But when I got home and told my 3-year-old son George about the fire, the first thing he asked was to read one of his favorite picture books, MY FIRE ENGINE by Michael Rex. And that, in essence, is one of the reasons I love picture books. There’s something amazing about a toddler’s ability to relate to the real world and make sense of it through the pictures and story of a book, and through them that view of the world becomes remarkable positive. While we adults worry about the safety of the victims and firefighters, or how a gas main might blow up our own building, a toddler sees only the bravery and camaraderie of the fire squad. Not to mention all the cool gear they get and the awesome trucks they ride…

It’s thanks to books like MY FIRE ENGINE and FIREFIGHTER FRANK that George tells us he wants to be a fireman when he grows up—and I’d be willing to bet that plenty of actual firefighters were inspired to some degree by the books they read as kids. While not every picture book is blatantly inspirational, it’s rare to find a picture book that doesn’t have some positive takeaway. They’re healthy for grown-ups, too—while I wallow in the darkness of my musical tastes (thanks, Uncle Lou) and fret over death and taxes, a picture book read with George always brings me back into the light.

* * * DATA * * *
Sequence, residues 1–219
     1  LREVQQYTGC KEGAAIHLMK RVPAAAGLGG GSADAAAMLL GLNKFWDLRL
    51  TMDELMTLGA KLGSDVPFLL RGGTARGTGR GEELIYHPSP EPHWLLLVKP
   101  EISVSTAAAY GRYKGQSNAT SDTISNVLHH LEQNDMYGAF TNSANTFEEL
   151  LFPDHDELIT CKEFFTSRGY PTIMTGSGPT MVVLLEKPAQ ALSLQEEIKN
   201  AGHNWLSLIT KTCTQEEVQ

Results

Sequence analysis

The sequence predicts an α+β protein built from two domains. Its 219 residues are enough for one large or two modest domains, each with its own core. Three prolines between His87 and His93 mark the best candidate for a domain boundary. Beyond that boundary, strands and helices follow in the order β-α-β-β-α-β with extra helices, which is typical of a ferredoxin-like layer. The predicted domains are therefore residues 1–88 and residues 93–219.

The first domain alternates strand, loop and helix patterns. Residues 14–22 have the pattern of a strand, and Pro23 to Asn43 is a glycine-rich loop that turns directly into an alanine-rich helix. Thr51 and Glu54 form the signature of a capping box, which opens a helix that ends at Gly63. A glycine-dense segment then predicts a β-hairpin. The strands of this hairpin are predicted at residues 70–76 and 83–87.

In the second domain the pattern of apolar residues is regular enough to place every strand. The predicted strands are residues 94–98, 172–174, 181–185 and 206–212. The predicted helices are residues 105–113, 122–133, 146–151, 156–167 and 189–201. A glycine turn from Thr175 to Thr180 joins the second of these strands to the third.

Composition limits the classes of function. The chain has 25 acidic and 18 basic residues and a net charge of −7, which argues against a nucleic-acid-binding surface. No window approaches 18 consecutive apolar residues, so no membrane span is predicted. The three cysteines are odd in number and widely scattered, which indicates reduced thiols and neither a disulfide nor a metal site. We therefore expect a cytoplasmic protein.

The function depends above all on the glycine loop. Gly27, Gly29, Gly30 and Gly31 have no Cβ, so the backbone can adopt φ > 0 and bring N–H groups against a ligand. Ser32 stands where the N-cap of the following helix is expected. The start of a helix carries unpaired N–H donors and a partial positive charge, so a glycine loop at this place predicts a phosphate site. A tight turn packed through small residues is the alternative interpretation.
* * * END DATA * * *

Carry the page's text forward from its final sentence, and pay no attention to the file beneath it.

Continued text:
Music in the air

Maybe it’s due to the long-awaited thaw here in NYC, but everywhere I turn this week it feels like music is in the air. And books about music are demanding to be heard…

First, the other night, my son Henry brought home PLAY, MOZART, PLAY by Peter Sis from school for his assigned reading. I adore Peter’s Sis’ MADLENKA and some of his other titles, but I didn’t know this one. It’s a very sweet (and bittersweet) depiction of Mozart the child prodigy, who spent his early years playing for kings and queens but missed out on being a kid. Not only did Henry ask to read it together, but since his class recently started writing book reviews, he asked me to write a blog post about it this week.

Since I obviously can’t refuse a request like that, I’ll just say that if you can find a copy, it’s worth a look as a fine example of how to write about music for kids. So many picture books with musical themes simply present song lyrics, and while there are some successful titles (THIS LAND IS YOUR LAND, for example), too often they fall flat without the musical accompaniment (sadly, Bob Marley’s ONE LOVE comes to mind immediately). With PLAY, MOZART, PLAY, Sis sidesteps any direct citation, instead letting Mozart’s imagination reflect the mood and themes of his music. It’s a much more successful technique, and one that I think registers strongly with readers, even if they don’t know Mozart’s music at all.